Cindy and I went for a walk yesterday and ended up buying ice cream. As we sat down to eat, a homeless man came by asking for change.
In this Covid world, I don't carry any cash, but instead of ignoring the man, Cindy asked if he was hungry. We could buy him something to eat with our credit card if he wanted.
"I'd really like some ribs and a coke from the place over there" was his response.
"How about a sandwich and coffee instead?" asked Cindy? He agreed gratefully, but looked a little let down.
As they headed off to the coffee shop, Cindy looked at him again and asked if he was really craving those ribs. His eyes lit up and said "yes please" so they changed course and went to the rib place.
She sat him down at a table and went to order and pay for the meal. The waitress recognized the old man and thanked Cindy for her generosity.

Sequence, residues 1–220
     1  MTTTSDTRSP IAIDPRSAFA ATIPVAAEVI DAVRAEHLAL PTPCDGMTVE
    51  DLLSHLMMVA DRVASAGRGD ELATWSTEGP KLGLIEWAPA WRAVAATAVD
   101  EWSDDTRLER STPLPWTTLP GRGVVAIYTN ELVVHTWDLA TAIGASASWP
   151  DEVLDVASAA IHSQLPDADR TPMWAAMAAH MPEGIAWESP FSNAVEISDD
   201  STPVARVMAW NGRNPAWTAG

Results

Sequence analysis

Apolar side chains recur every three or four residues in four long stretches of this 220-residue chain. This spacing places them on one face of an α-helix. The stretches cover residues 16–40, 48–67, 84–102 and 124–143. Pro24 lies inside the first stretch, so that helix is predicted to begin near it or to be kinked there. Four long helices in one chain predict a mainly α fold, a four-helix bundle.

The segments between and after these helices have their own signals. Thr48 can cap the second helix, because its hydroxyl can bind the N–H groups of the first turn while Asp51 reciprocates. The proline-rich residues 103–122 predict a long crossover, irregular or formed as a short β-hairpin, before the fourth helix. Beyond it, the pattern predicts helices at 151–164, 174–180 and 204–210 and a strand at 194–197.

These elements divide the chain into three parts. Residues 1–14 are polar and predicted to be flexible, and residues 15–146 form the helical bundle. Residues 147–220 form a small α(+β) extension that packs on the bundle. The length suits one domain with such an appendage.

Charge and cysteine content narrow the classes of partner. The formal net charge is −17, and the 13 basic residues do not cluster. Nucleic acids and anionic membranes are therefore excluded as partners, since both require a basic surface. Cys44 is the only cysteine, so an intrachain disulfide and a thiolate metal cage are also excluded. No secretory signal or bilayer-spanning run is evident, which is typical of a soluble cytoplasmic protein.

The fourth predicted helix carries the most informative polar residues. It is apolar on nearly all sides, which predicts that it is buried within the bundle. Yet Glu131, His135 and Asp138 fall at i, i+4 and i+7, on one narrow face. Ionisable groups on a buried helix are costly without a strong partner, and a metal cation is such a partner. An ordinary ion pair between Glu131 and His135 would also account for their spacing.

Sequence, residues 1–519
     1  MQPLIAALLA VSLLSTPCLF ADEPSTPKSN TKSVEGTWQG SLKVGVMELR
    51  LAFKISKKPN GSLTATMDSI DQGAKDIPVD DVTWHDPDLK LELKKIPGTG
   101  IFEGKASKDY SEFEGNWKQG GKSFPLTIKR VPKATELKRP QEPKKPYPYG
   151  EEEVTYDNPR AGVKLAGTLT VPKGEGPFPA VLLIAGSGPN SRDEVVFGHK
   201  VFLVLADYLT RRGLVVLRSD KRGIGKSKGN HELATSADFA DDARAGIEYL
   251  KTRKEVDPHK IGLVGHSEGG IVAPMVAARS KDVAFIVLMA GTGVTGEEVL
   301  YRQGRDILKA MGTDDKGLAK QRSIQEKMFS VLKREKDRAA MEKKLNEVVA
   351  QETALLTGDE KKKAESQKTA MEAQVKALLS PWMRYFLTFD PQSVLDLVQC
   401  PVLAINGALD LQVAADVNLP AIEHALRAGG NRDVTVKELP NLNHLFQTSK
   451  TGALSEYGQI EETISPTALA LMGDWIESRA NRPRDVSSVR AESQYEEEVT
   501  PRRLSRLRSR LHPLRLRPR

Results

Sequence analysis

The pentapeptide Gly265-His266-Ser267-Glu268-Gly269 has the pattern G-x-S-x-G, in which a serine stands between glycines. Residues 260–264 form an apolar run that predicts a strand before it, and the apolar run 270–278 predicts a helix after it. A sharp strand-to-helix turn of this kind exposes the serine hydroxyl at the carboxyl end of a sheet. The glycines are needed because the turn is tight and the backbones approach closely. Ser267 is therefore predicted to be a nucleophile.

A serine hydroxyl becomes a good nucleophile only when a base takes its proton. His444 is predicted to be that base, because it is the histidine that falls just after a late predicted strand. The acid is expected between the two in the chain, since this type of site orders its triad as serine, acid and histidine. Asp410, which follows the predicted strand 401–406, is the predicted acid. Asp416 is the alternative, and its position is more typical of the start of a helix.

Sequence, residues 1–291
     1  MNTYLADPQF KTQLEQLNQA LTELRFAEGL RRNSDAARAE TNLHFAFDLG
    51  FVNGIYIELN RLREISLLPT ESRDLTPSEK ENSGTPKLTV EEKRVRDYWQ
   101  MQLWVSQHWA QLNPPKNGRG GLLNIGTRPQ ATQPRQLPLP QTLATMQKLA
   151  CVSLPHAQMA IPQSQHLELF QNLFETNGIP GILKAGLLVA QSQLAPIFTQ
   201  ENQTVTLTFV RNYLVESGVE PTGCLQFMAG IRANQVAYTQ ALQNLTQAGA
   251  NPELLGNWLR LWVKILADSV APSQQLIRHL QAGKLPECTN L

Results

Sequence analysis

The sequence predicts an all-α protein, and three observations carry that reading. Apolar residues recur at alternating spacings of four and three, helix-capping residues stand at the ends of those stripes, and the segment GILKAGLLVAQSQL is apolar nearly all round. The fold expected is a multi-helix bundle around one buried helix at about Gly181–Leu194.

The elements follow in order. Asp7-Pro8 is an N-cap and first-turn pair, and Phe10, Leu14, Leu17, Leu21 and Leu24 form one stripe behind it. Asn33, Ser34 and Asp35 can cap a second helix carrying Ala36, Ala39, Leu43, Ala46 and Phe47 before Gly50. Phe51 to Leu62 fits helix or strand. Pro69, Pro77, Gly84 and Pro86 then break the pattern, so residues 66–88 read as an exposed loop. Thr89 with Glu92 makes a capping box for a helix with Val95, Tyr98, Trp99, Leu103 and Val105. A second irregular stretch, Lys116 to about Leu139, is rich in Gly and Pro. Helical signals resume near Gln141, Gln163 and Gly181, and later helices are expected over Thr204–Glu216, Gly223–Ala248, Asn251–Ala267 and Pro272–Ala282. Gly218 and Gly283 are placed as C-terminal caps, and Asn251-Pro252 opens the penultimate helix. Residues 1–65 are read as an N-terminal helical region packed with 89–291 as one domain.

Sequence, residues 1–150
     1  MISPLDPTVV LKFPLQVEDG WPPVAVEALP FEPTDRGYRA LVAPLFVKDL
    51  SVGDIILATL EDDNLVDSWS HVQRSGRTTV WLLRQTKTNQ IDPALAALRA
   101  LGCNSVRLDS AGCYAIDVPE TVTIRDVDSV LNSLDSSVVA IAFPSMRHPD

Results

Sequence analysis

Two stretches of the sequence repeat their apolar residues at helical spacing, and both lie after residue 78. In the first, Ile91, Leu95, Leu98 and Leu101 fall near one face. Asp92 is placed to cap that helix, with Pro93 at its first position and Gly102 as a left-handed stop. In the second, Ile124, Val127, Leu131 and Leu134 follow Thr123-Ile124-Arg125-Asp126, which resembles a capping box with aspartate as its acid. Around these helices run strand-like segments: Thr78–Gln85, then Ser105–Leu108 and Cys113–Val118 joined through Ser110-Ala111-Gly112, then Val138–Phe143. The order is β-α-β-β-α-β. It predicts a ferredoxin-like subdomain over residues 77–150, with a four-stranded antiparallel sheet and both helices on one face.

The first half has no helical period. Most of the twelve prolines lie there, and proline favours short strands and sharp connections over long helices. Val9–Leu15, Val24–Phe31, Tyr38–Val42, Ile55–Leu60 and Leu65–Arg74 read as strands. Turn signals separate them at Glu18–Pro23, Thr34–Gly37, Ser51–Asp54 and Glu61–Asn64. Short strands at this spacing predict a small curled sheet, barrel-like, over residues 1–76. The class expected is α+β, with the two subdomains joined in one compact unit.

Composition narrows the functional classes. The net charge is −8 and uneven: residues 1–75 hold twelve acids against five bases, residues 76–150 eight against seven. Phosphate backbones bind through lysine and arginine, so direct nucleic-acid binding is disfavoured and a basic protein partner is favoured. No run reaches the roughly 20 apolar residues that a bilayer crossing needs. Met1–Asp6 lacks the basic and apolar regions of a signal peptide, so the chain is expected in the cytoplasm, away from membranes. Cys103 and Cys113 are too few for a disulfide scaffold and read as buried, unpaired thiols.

When Cindy went back to the table, she told him to sit tight; the ribs would be coming right away, and she was going back to her ice cream.
He thanked her and asked "did you get a Coke too?" When she confirmed that she had, his eyes lit up and he thanked her again.
A cynic might hear this story and think the homeless man upsold Cindy. She was willing to buy a sandwich and he tricked her into an order of ribs - with a Coke.
Or, perhaps, one might think the man wasn't really hungry. If you're starving, would you turn down a sandwich and ask for an upgrade to ribs?
But I see it as a man being bold enough to ask for what he wanted. He clearly didn't get much to eat, but when offered an opportunity, wasn't afraid to speak up.
How often do we hold back and think small when we know deep down what we really want? What's the downside of being clear about it and saying what we want out loud?
If we say it, we might actually get it.